In 1997, Jarvis made its next moves to capture the lead of its new market. In May of that year, the company paid £4.9 million to buy a 50 percent share, plus an option to acquire full control for an additional £5 million, of Scotland-based Relayfast, a rail engineering and maintenance company formed out of the British Rail privatization. Less than a month later, Jarvis was prepared to take its rail division to the next level. In June 1997, the company raised some £62 million in a rights issue in order to acquire another of the British Rail spin-off companies, Fastline, and to acquire the remaining 50 percent of Relayfast.
Yet the rights issue nearly failed, as Jarvis and its share price were hit hard by a Railtrack decision that placed a temporary ban on contracts to Jarvis because of alleged overpricing made by the NIMCO division before its takeover by Jarvis. That dispute was quickly resolved, with Railtrack and Jarvis forming a joint venture, Alliance, to oversee the handling of contracts between the two companies. The dispute, however, caused a sharp drop in the company's share price, leaving the bulk of the rights issue in the hands of its underwriting companies. Jarvis's underwriters were nevertheless to profit handsomely as Jarvis's share price later tripled in value. When Jarvis at last succeeded in merging its new Fastline and Relayfast operations into its railway maintenance division, the company had gained the leading share in its market, with more than 60 percent of the country's railway system under its responsibility. The company was buoyed further by the award of three contracts for three years each from Railtrack, worth some £290 million in December 1997. These contracts helped boost the company's revenues, which topped £355 million, with net profits of more than £17 million for the year ending March 31, 1998.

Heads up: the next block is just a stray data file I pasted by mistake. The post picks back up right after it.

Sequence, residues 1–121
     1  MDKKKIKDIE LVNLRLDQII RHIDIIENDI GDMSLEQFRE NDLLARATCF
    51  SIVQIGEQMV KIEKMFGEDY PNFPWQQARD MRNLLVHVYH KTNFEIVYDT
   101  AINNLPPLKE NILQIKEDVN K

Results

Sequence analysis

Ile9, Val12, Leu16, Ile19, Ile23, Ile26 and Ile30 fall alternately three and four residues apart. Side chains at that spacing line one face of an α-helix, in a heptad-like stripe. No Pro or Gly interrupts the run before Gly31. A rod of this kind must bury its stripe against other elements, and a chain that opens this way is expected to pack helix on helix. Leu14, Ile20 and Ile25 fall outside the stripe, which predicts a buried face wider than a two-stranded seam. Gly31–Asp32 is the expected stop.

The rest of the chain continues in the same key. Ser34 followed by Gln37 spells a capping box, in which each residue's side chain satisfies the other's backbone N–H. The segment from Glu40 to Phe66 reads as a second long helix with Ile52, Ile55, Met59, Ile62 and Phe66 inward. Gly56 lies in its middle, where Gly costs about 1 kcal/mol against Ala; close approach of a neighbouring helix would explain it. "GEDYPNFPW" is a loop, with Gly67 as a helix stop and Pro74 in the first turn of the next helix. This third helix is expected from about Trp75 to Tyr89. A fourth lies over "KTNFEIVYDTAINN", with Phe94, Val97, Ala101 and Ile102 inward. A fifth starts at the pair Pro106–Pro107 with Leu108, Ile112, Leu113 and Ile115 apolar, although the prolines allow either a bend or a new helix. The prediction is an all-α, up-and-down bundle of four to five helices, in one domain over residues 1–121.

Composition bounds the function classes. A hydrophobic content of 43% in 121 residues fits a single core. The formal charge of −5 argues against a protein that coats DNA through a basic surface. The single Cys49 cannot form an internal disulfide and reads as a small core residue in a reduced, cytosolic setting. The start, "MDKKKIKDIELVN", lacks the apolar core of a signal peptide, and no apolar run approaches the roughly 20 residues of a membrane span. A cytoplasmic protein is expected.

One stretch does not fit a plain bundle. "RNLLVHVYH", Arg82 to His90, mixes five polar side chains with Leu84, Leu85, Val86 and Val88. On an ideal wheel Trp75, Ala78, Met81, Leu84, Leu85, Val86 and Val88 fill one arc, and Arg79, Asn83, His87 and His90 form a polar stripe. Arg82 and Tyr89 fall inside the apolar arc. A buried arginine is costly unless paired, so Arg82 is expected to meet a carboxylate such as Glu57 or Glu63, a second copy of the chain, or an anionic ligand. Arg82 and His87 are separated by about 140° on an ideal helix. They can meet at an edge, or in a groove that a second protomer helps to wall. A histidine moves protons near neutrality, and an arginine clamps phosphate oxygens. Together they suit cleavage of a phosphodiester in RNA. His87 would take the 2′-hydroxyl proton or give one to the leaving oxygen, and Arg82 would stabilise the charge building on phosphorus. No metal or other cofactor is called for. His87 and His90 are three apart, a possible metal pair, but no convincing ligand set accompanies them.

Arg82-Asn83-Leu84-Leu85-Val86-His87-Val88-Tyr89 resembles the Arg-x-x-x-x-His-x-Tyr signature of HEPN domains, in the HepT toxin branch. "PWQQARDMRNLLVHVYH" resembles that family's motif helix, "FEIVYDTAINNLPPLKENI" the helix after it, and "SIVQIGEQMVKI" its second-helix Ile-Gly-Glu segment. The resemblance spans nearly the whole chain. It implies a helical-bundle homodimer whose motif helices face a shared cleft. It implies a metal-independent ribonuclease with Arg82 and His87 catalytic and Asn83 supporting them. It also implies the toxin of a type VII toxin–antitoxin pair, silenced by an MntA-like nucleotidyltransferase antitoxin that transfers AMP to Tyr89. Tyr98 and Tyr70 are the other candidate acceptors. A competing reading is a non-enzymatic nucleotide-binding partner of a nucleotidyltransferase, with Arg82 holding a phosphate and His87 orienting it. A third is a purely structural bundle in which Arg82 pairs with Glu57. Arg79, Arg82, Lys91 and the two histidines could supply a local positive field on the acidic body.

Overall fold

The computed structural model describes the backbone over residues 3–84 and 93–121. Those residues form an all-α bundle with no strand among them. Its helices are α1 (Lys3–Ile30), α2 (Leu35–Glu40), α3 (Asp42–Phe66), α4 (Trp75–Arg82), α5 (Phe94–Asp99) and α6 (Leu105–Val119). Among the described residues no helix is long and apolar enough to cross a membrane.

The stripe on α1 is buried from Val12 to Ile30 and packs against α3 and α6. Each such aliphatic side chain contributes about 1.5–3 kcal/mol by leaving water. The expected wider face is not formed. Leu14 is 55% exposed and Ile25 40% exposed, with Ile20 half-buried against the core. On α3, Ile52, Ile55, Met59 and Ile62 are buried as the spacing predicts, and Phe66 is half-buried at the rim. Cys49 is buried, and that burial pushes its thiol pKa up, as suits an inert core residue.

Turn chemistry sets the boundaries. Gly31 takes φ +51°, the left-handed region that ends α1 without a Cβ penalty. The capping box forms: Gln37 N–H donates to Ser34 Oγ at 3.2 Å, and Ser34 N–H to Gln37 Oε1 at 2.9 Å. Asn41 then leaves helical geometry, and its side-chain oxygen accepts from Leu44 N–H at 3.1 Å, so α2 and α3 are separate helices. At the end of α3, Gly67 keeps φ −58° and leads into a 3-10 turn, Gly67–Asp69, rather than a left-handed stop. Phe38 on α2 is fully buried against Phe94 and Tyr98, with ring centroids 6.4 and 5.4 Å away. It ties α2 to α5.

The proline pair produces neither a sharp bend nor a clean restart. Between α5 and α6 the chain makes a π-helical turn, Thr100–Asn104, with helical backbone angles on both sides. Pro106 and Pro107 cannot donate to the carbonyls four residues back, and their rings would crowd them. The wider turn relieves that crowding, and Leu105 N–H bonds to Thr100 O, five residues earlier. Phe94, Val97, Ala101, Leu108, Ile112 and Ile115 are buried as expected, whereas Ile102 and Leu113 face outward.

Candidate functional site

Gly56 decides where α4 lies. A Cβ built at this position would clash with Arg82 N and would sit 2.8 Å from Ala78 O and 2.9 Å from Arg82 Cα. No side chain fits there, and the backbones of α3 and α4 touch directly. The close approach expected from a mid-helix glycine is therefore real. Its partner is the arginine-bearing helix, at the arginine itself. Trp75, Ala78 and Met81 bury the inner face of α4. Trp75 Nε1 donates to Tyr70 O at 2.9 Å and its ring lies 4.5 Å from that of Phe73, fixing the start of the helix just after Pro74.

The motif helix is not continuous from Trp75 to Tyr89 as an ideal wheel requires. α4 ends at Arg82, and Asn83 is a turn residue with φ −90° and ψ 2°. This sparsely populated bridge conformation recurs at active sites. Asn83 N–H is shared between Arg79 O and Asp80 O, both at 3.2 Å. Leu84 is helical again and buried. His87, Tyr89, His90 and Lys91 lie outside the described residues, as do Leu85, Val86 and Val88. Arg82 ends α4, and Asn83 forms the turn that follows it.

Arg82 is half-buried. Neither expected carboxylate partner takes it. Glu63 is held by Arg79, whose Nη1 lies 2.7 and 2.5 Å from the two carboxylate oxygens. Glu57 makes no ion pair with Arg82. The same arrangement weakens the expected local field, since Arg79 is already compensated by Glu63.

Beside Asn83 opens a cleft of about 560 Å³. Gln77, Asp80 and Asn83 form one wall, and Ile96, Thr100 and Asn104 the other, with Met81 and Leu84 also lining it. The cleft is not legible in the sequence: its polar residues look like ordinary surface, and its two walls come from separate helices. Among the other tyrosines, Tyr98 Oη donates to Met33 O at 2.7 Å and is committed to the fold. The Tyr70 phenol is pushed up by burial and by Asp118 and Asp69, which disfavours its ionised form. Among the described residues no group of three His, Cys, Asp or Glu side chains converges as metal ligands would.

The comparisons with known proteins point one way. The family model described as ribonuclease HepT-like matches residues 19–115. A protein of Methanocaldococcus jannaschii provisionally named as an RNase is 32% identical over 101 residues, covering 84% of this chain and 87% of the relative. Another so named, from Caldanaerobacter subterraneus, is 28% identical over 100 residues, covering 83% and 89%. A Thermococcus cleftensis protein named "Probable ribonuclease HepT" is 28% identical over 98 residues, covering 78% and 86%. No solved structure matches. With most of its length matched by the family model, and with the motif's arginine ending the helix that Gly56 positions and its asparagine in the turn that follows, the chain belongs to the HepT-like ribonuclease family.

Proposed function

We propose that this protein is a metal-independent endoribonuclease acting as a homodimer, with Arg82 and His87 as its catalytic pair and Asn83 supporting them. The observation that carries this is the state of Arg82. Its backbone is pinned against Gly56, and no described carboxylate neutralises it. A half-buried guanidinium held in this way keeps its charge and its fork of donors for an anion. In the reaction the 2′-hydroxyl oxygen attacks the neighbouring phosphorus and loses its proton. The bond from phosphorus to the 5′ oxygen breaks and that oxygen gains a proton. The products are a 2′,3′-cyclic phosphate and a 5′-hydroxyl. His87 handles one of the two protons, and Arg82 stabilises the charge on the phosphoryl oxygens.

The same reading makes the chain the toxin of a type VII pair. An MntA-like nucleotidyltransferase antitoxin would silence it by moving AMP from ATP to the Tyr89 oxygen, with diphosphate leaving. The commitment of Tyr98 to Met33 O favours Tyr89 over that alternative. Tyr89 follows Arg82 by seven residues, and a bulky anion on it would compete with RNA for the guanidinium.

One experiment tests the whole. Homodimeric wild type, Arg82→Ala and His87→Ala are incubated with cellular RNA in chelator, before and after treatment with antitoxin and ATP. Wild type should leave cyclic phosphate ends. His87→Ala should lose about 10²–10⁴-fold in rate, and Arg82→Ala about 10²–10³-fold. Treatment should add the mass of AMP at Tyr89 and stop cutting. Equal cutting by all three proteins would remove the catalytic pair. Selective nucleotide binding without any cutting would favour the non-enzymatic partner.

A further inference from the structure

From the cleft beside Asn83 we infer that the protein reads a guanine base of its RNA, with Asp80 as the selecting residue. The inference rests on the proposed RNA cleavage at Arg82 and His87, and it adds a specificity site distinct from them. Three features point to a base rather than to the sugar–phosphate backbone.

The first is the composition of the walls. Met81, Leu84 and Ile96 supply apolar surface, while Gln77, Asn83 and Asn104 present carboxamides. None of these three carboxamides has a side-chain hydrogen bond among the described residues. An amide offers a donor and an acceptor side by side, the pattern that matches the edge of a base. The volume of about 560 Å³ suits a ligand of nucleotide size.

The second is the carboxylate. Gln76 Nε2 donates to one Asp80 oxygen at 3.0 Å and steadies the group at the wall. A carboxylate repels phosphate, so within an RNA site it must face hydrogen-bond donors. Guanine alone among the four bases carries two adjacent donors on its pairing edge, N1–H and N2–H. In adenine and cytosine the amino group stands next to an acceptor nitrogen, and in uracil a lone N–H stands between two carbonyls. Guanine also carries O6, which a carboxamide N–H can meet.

'Europe's Biggest' for the 21st Century
With its rail operations at their limit in the United Kingdom--the Fastline acquisition had already prompted calls for intervention from the United Kingdom's Mergers and Monopolies Commission--Jarvis now looked to extend itself into becoming what Maoyedi described to the Daily Telegraph as 'Europe's biggest integrated infrastructure maintenance company for transport.'
In May 1998, the company announced a friendly takeover of Streamline Holdings. Worth nearly £184 million, the stock and cash deal gave Jarvis entry into a new area of operations, that of road and airport maintenance, not only in the United Kingdom, but across Europe as well, while also boosting its U.K. railway maintenance business. Streamline had been a part of Shell until the early 1990s, when it was spun off as part of a management buyout and then taken public in 1996, and had built a position as Europe's leading road maintenance company. Streamline had only recently entered the airport maintenance field, an area Maoyedi pledged to develop further. The Streamline acquisition was to help boost Jarvis's revenues to more than £605 million by the end of its 1999 fiscal year.
Yet Jarvis entered 1999 under a cloud, as its railway workers, more than 60 percent of whom belonged to the RMT union, joined an industrywide strike to protest attempts to change their contracts. To trim its payroll costs, Jarvis sought to eliminate the long-standing provision for overtime pay on weekend and overnight shifts--the very times when Jarvis was able to conduct its railway maintenance operations. The dispute was to last more than ten months, and was finally resolved with a compromise, with Jarvis agreeing to raise base salaries in exchange for an end to overtime pay. This, and a new dispute with Railtrack, helped to depress the company's earnings in 2000, despite a rise in revenues to more than £669 million for the year.